Thursday, December 27, 2007

Guest Entry: Maggie's Christmas Present

This story was recently posted by my friend, Maggie on a little weight loss support forum where we are both members.

Merry Christmas, everyone. And best wishes for the new year. I got a most unusual gift for Christmas this year. I posted about it at HDAC but thought you might be interested in what is going on in science today............

Jason admired the bracelet watch that Tony had given me for Christmas and said, “I have a gift for you, too. It’s not as pretty as Dad’s.” He brought a sack to my desk and took out a box from it. The box was marked PlayStation 3.

I was confused and thought, “PlayStation 3? Isn’t that the unit that kids play games on?” Jason opened the box and took out a disc of a Spiderman game. Somehow I just couldn’t see myself sitting around in my pajamas playing a Spiderman game. I didn’t know what to say. Maggie without words? Never! But it was true. I didn’t know what to say. How about, “Can you get your money back? Is it returnable?”

Jason was clearly enjoying my confusion but finally took pity on me and began to explain. “The PlayStation 3 is a super fast computer. It is much faster than my computer and mine is the fastest PC around.”

Still not understanding, I thought, “Okay, so I can play Spiderman super fast?”

Jason said that this computer will probably never be used to play a game. It is for folding at home.

Folding at home is a distributed computer project designed by Stanford University. The project’s goal is to understand protein folding and mis-folding and how they relate to diseases such as Alzheimer’s disease, Mad Cow Disease, some cancers and the biggie for all of us, Huntington’s Disease.

Basically, how it works is that a small part of a folding problem is sent through the Internet to computers around the world. The program will run in the background using unused CPU power or run as a screen saver. When the owner of the computer is away and not using it, the software written at Stanford uses the computer to fold and discontinues the folding when the owner returns to use his computer again. When the problem unit is completed it is returned to Stanford and reassembled into the collected data. Over a million computers are participating in the folding project and over 27,000 of those are PlayStations. Sony sells the PlayStation with the software for folding already installed. And we have already learned more than was thought possible. Fifty-four scientific papers have been published using the information gained. It gives me even more hope that a cure for Huntington’s is near.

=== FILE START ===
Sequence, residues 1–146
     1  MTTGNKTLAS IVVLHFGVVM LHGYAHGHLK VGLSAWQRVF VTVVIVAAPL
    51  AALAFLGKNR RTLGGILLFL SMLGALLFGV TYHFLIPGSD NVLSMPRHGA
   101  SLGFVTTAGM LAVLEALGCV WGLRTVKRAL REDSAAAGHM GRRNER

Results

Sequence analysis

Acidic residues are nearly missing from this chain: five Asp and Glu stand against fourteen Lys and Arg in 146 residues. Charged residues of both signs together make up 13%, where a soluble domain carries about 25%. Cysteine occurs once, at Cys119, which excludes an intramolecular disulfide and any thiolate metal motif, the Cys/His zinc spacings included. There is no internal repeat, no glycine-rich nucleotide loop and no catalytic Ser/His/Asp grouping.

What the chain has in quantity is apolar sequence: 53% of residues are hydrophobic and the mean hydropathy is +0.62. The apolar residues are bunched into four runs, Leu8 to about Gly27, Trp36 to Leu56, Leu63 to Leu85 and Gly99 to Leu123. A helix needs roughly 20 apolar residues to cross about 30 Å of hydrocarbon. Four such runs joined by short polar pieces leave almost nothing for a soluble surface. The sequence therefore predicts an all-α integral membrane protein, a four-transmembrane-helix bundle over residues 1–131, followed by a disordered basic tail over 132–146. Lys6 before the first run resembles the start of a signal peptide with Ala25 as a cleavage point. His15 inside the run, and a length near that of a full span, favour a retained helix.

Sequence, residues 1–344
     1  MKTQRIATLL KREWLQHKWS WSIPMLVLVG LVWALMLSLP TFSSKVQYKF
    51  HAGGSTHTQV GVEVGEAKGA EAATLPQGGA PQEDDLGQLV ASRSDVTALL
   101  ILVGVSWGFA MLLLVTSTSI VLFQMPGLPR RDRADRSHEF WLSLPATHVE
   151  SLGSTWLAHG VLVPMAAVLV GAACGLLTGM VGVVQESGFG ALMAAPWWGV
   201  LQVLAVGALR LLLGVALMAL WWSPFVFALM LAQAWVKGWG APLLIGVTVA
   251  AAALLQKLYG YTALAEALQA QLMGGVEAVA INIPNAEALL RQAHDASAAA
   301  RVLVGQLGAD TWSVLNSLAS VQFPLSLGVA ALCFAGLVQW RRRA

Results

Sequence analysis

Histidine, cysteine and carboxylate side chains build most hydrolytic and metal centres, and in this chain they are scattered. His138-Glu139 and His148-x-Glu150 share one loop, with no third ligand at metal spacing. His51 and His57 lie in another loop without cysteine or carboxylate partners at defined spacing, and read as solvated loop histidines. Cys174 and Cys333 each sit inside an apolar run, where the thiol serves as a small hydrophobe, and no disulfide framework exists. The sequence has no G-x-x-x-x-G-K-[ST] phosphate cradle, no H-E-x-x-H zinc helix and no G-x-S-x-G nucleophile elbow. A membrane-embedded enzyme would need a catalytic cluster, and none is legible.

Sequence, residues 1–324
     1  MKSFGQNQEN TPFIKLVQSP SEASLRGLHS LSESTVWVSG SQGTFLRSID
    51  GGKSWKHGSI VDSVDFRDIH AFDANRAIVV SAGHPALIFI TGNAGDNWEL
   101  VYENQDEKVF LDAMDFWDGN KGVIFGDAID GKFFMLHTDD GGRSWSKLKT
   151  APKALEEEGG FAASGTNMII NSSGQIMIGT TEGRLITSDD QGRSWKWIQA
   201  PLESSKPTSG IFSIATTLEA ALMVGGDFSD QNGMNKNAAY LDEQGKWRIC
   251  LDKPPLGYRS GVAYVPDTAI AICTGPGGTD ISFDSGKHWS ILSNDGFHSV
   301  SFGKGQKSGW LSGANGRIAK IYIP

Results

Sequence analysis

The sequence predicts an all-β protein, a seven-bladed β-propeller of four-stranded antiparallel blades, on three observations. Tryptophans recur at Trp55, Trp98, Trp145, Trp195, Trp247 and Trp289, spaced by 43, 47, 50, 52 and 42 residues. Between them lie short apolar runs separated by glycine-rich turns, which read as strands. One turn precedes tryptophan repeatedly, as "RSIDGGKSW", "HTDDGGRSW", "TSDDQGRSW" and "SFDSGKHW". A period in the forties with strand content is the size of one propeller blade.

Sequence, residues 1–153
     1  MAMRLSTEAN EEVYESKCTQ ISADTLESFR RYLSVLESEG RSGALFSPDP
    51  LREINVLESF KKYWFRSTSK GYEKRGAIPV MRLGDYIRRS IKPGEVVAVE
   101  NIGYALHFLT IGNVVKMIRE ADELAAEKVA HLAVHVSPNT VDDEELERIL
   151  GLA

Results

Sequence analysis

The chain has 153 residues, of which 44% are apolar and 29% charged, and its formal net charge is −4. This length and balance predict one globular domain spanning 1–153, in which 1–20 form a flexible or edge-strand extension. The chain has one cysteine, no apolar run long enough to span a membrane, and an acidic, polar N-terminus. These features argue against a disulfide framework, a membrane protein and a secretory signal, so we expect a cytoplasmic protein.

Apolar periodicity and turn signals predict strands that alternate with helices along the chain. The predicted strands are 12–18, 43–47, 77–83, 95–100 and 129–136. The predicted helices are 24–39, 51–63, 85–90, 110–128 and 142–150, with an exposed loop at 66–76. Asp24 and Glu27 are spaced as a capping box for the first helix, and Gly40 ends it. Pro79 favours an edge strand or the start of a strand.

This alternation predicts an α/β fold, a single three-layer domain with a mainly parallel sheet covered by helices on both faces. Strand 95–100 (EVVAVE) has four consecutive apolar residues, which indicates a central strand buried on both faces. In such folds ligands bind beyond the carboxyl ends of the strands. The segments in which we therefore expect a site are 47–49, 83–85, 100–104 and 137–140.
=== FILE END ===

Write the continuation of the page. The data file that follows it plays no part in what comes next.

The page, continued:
Collectively, the computers make up the fastest computer in the world. And it is working for us!

Jason set up my PlayStation 3 in our conference room at work and we watched the graphics on our screen. A protein molecule tumbles over and over with a world map in the background showing the approximate location of the computers that are being used in the project. We registered my computer and soon had our first unit of work. The results of individual computers is shown at a website and I was delighted to see this morning that I had completed 1 unit of CPU work. When we tire of the graphics or need the screen for other purposes, the PlayStation 3 will be installed in the server room to run 24/7 without a holiday, even Christmas.

I know my little PlayStation 3 is only one in the million working to solve the mystery of folding and mis-folding and how they relate to HD, but I get a deep satisfaction that it is there, contributing to the solution.

Thank you for the gift, Jason.


Maggie's husband Tony has Huntington's Disease.